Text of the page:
Deciding on the perfect cycle: a wheelchair tandem

From her late eighties and into her nineties, Kay found walking increasingly painful because of arthritis. She started to use an electric buggy, which for years allowed her to visit the local shops and park with family members, but gradual hearing and sight loss made it no longer practical – if you can’t recognise the line and height of a kerb, then you fear running out of control or even overturning.

It was still possible for Kay to go for short walks with a rollator, but the park and shops were too far away for her family to push a wheelchair. They also had concerns that Kay would become dependent on the wheelchair and start having difficulties getting into and out of a car as a result.

In response, Kay’s family made contact with Wheels for Wellbeing. They drove over to one of our drop-in inclusive cycling sessions and tried out various adapted cycles at the enclosed, off-road venue of Croydon Sports Arena. The experience was such a pleasure and proved that Kay would once again be able to pop out locally with her family!

Of all the cycles at the session, Kay found that the wheelchair tandem was the most suitable device –the lack of pedals would reduce the risk of falling or injury to her legs, and its dimensions meant that the cycle could be stored where the electric buggy was previously. Kay’s family bought a Van Raam O’Pair from Tomcat Trikes in 2019, and later that same year hired a van and went for a cycling holiday in rural Norfolk. The roads were so quiet that with careful control, the family dog could run in its harness alongside! Kay says that one of the biggest challenges she faced early on was the perceived loss of control: “I was used to steering the buggy and it was difficult to get used to somebody else doing that. You have to trust the cyclist behind you.”

The power of cycling

Since purchasing a wheelchair tandem, Kay has been able to “…get out more and get fresh air. I can see slightly more when on the cycle as I’m not having to look down at the ground. I can see the shapes of trees and buildings against the sky. We can go further than if I was walking. It’s pleasant to encounter other people. It’s fun when people show an interest in the cycle and we get talking.”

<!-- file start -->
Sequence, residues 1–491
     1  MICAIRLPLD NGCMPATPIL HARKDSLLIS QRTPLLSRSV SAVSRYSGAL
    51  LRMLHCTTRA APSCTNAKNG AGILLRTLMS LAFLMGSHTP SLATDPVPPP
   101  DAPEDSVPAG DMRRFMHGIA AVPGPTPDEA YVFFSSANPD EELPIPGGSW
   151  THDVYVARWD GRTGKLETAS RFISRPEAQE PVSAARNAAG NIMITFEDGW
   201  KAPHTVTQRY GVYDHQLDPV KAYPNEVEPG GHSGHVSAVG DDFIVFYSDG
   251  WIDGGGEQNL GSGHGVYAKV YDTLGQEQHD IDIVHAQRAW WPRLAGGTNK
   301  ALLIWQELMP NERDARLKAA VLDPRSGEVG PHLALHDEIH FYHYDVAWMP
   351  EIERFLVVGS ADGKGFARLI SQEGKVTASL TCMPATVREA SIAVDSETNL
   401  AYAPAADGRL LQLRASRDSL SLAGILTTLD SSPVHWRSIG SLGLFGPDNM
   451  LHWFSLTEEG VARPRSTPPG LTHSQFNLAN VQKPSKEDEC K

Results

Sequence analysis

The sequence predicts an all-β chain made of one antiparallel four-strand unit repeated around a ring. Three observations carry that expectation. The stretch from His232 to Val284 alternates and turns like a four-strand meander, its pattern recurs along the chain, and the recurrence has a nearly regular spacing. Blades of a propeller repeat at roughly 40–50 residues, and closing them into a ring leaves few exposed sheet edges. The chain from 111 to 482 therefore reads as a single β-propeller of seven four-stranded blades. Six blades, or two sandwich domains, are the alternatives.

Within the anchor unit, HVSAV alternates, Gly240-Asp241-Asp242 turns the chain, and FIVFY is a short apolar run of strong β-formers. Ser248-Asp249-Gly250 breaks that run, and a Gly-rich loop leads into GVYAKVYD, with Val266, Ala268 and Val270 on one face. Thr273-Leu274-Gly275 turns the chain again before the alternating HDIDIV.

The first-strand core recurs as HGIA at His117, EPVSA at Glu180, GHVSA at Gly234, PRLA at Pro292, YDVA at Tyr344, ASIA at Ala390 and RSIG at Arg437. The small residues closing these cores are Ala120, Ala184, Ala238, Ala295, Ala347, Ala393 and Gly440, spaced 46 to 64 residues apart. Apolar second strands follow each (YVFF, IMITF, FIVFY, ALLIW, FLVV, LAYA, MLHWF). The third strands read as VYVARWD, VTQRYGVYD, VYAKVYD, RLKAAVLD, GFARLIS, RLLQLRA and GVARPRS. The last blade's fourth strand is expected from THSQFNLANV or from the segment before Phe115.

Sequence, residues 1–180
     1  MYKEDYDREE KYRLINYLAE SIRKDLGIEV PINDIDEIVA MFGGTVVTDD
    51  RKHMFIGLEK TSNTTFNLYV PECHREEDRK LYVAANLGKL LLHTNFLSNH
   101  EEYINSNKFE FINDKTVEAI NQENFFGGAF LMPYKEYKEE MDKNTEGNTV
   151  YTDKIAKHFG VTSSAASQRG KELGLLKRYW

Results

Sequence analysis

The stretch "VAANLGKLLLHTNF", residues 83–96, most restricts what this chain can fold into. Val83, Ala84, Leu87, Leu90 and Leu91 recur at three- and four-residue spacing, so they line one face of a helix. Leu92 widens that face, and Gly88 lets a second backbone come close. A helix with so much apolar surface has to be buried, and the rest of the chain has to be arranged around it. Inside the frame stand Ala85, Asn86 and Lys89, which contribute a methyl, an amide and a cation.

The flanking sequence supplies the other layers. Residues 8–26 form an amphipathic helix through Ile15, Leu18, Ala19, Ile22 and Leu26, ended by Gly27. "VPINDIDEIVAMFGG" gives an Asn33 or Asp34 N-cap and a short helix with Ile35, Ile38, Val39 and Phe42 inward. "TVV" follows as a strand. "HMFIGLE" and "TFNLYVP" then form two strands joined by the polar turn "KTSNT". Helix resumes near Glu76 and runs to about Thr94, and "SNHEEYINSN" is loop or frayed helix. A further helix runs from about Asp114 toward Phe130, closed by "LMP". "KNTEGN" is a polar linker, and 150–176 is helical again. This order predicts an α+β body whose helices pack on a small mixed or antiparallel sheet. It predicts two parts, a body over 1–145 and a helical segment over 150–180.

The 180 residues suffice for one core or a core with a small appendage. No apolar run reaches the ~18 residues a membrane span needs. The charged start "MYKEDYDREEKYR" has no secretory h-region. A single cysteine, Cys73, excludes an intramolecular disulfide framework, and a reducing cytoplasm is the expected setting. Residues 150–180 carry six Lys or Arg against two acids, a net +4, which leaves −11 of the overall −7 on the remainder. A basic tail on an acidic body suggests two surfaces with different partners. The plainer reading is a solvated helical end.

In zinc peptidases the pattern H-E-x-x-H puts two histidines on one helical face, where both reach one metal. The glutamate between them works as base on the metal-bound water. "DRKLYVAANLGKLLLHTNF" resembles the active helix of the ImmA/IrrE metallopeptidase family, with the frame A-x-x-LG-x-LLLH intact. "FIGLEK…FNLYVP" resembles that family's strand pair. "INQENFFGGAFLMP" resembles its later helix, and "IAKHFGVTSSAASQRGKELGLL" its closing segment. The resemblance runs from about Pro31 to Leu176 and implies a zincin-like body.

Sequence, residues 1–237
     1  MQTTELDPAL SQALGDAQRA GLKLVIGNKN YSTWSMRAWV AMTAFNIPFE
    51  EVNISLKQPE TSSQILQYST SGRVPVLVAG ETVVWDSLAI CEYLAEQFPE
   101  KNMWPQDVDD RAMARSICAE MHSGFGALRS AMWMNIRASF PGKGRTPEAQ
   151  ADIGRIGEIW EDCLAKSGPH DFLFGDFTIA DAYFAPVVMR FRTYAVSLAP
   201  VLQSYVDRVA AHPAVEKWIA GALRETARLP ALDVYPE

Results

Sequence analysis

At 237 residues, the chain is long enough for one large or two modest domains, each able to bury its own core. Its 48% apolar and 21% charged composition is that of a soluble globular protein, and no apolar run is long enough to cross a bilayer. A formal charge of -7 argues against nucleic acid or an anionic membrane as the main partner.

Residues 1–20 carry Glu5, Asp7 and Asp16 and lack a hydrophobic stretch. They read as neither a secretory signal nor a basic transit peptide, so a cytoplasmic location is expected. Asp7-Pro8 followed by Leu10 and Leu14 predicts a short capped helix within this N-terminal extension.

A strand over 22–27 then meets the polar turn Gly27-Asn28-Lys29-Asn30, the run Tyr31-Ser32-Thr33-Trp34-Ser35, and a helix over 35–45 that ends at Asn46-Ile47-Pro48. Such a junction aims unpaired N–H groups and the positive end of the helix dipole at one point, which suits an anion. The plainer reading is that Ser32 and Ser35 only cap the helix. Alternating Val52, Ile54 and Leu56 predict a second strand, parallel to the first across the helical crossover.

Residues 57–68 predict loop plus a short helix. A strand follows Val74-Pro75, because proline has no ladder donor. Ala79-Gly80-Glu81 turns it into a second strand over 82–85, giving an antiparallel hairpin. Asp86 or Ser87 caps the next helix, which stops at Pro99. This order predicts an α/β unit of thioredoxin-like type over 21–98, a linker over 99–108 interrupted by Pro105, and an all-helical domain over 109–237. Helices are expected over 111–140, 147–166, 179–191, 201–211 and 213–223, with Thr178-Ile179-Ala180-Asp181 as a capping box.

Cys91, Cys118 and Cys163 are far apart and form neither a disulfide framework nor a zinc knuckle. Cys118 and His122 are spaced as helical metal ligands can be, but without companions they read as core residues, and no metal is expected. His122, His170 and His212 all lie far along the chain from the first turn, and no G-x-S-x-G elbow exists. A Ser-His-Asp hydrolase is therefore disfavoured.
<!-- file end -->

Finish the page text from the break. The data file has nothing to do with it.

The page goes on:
Kay’s daughter has said the following: “I like to show people that cycling has many possibilities for everybody. It’s much easier to pedal the cycle on the road than to push a wheelchair on the pavement.”

Kay and her family have really enjoyed cycling during lockdown, as the roads have been quieter and clearer. They weren’t allowed to cycle through and visit some places, but they could cycle around a lot of different streets in the local area, which they say felt more like cycling in the park or when on holiday in Norfolk!

Not always a smooth ride: the barriers to cycling

Here is what Kay’s daughter has said about cycling on a wheelchair tandem:

“It’s not like steering a bicycle – the balance is quite different; you have to turn the handlebars differently, but you get used to it quite quickly. You are responsible for another person, but you are higher up and very stable, so you can look all round and take decisions carefully.

The biggest difficulty is the variable quality of the road itself. There is often a deep camber on the shoulder of the road, which sends the trike lop-sided, so it’s better to go nearer the middle. As during lockdown there has been so much less traffic, you can see the pot-holes, drain-covers and difficult surfaces more easily and so can pull out to avoid them. The crown of the road is where you can see furthest ahead, meaning that drivers can also see us from further away. Drivers usually react positively when they see this intriguing device coming towards them, and they generally give us plenty of space (sometimes even a thumbs up!). From going onto the pavements when visiting the shops, I have learnt how difficult the dropped kerbs and tight turns must be on a mobility scooter.”

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